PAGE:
NABOKV-L post 0022010, Mon, 19 Sep 2011 13:12:52 +0300

Subject
Re: ha-ha
Date
Body
JM: Perhaps in this instance Nabokov didn't have "The Golden Calf" in mind? (it's almost impossible to check that...)

It is possible: see my article "Van Veen or Ivan Golovin: What is the Real Name of Ada's Protagonist?" (http://www.topos.ru/article/7076, text in Russian).

"The ha-ha of a doubled ocean" is mentioned in the chapter of Ada (1.3) in which Van tells about mad Aqua (Marina's twin sister). In the chapter "Jahrbuch fuer Psychoanalytik" of the Ilf and Petrov novel the action takes place in a mad house.* The mad geographer's cry "Na volyu v pampasy!" is echoed by Nabokov in his poem "To Prince S. M. Kachurin"** (1947):

v pampasy molodosti vol'noy,
v tekhasy, naydennye mnoy.

*in Chernomorsk (Chernomor, who beheaded his brother Golova, is an evil sorcerer in Pushkin's "Ruslan and Lyudmila")
**this poem is important in Ada (see my "Ada as a Triple Dream").

Alexey Sklyarenko

----- Original Message -----
From: Jansy
To: NABOKV-L@LISTSERV.UCSB.EDU
Sent: Sunday, September 18, 2011 9:01 AM
Subject: Re: [NABOKV-L] ha-ha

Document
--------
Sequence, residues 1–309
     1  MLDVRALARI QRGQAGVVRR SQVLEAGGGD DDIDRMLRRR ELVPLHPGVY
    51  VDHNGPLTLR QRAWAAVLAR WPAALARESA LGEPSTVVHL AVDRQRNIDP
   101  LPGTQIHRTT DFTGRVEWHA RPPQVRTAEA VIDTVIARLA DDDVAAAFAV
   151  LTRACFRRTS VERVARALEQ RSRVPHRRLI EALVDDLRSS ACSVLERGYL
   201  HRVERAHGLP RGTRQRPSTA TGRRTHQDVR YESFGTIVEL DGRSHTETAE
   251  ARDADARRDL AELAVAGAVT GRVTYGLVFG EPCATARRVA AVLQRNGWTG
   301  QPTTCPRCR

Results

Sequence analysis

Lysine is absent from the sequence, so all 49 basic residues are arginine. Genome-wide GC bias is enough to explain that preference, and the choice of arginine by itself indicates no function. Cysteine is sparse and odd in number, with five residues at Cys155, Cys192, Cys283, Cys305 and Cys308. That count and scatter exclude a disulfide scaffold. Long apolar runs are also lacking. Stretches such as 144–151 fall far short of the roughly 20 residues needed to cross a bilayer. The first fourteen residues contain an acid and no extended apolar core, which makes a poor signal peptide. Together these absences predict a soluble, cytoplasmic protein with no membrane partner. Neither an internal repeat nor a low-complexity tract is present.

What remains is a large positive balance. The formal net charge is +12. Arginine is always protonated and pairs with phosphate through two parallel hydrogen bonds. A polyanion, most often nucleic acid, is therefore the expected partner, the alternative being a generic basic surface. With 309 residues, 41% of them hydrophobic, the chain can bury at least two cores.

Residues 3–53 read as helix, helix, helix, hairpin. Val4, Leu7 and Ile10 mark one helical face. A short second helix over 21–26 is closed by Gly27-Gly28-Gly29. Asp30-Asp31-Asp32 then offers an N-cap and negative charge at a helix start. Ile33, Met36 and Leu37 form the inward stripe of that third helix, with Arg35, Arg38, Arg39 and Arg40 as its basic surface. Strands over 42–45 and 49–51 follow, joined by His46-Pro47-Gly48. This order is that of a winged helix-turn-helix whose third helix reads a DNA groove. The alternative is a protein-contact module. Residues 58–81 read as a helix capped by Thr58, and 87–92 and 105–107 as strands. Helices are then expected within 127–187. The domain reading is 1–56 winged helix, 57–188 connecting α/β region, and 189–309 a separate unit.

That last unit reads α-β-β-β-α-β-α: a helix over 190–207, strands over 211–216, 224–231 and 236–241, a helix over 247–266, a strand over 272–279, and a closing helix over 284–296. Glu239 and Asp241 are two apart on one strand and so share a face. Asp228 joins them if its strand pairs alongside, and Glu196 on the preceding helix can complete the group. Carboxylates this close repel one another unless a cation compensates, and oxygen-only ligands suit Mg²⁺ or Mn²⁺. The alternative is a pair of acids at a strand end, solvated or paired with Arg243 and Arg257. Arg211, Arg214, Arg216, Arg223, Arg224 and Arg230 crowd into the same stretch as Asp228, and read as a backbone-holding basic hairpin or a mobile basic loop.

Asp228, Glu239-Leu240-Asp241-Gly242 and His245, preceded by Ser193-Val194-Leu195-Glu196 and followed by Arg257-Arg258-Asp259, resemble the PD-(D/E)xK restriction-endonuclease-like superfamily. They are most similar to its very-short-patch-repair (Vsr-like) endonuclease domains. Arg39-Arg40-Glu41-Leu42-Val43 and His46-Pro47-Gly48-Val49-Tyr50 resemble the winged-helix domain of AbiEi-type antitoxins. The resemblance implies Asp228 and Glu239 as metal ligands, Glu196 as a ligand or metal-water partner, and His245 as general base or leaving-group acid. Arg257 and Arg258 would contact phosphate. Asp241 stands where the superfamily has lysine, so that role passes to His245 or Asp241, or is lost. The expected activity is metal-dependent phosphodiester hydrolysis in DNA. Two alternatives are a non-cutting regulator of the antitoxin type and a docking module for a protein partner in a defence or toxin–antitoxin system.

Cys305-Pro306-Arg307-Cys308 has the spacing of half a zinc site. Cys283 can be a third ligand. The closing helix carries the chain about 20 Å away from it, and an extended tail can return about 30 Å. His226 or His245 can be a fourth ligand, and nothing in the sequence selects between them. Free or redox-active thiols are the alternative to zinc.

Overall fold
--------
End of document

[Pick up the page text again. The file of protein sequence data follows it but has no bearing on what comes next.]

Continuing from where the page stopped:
A. Sklyarenko: As I pointed out in several articles (Russian and English), "the ha-ha of a doubled ocean" hints at the absence of the Bering Strait on a globe which drove mad the geography teacher in Ilf and Petrov's "The Golden Calf" (chapter XVI: "Jahrbuch fuer Psychoanalytik").

JM: Nabokov, in ADA, showed a great interest in navigatory matters (related to the importance of the Bering Strait) and to others concerning Russian Arctic fur traders.
There are also references to the antipodal Capitain Horn, Verne, Magellan and Lisianski (a circumnavigator, if memory serves me right). Perhaps in this instance Nabokov didn't have "The Golden Calf" in mind? (it's almost impossible to check that...)

btw:When I quoted Boyd's example about the "ha-ha," I was referring to the religious insight of the "ah-ha"
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